I also met with John Leighton, Director General of National Galleries of Scotland. He explained how at the Dean Gallery they have been experimenting with new interpretations through temporary exhibitions. They have been able to rely far less on overseas loans whilst still attracting a broad audience.
From my visit, my overall impression was a positive one that would suggest greater collaboration in the future between ourselves and the National Museums in Scotland and Northern Ireland. I think I will have to check the weather forecasts before my next visit though. My plane back was stranded and I instead travelled back by train. But, despite the weather, it certainly was a worthwhile and interesting visit.
I began my role here at Amgueddfa Cymru just over two weeks ago and it's been a busy start as I've set about meeting staff across all of our sites, as well as attending the National Waterfront Museum's fifth birthday celebrations. Everyone has been incredibly welcoming, and I feel very privileged to have the opportunity to lead such a highly regarded institution.
I've joined Amgueddfa Cymru at an exciting period. Developments are underway to create a National History Museum at St Fagans and the conversion of the first floor of National Museum Cardiff to become the National Museum of Art for Wales is due to be completed in July 2011. Over the coming months, I will give my full support to these projects as well as affirming Amgueddfa Cymru as a contemporary resource for Wales. The National Museums are here to serve the people of Wales and developing cultural partnerships is a way of delivering this vision successfully. This approach is of even greater importance in light of the country's current financial situation.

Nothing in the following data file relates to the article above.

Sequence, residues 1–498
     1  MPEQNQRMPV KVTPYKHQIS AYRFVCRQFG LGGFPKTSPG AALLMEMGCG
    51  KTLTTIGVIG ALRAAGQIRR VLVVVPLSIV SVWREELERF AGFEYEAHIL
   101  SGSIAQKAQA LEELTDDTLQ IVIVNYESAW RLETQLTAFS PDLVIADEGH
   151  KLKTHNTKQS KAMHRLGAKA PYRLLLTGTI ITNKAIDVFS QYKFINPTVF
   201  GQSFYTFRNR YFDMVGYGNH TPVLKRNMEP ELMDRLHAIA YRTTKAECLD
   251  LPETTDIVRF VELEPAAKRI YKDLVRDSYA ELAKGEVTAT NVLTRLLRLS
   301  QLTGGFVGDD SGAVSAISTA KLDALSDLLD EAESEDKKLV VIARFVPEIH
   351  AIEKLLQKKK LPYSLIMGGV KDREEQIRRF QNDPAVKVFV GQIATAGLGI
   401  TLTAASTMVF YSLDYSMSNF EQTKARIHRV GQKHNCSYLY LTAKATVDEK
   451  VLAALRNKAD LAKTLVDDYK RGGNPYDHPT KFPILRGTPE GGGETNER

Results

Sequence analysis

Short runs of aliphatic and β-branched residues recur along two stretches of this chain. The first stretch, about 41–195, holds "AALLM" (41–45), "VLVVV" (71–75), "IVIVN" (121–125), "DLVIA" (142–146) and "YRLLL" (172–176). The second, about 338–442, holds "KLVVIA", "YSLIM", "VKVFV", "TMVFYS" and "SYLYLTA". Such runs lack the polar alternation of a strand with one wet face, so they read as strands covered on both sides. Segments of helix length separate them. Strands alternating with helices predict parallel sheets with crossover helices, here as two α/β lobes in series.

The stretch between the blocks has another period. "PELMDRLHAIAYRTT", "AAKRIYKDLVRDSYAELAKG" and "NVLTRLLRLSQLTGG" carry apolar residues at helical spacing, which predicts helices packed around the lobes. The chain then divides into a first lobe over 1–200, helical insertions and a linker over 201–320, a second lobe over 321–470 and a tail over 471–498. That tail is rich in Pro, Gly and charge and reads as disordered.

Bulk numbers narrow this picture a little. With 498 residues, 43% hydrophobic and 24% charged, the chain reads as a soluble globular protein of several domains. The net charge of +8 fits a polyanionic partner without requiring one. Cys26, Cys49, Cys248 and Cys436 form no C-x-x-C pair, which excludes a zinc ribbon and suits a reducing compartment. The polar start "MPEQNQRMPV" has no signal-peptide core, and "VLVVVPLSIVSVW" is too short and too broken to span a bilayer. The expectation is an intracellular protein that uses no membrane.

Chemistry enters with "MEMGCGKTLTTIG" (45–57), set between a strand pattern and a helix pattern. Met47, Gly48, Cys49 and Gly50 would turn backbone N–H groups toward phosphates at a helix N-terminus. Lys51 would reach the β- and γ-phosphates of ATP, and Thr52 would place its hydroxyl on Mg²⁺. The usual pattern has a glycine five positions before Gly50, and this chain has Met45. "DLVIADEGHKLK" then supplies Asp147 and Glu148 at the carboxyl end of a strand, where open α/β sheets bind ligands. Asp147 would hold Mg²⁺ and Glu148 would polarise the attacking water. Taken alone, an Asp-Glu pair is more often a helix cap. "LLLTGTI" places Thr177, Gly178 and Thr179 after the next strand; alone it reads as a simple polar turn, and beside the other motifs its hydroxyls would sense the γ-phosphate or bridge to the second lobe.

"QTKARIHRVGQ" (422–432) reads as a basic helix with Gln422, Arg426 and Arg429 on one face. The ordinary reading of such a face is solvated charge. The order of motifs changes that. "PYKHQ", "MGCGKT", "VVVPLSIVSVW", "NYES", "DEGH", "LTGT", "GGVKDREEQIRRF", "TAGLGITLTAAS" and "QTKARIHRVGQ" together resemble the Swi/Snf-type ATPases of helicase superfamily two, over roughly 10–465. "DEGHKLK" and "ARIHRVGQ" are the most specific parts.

Last week, we launched the document Inspiring Wales at the Senedd. Learning is at the heart of Amgueddfa Cymru and this paper is a celebration of this work and our vision to become a world-class museum of learning. The booklet shows how, as well as having an important role to play as guardians of the nation's collections, equally important is our work in interpreting and communicating the collections to the people of Wales and its visitors.
Amgueddfa Cymru is unique among national museums in the British Isles in its spread of sites and their close connection with the communities and regions of which they are a part. No national museum in London can come near it in this.
Its collections are also exceptionally diverse in their range of disciplines – from social history to art, from natural sciences to industrial history. This enables the museum to appeal to an exceptionally broad audience, with a good gender balance – again, unlike some museums in London!
The opportunity to work in one of the great Celtic museums has a particular appeal for me. Having been born in Belfast and studied Archaeology and Irish History in Scotland, I am glad now to have the chance to learn more about Welsh culture and history.
David Anderson's Blog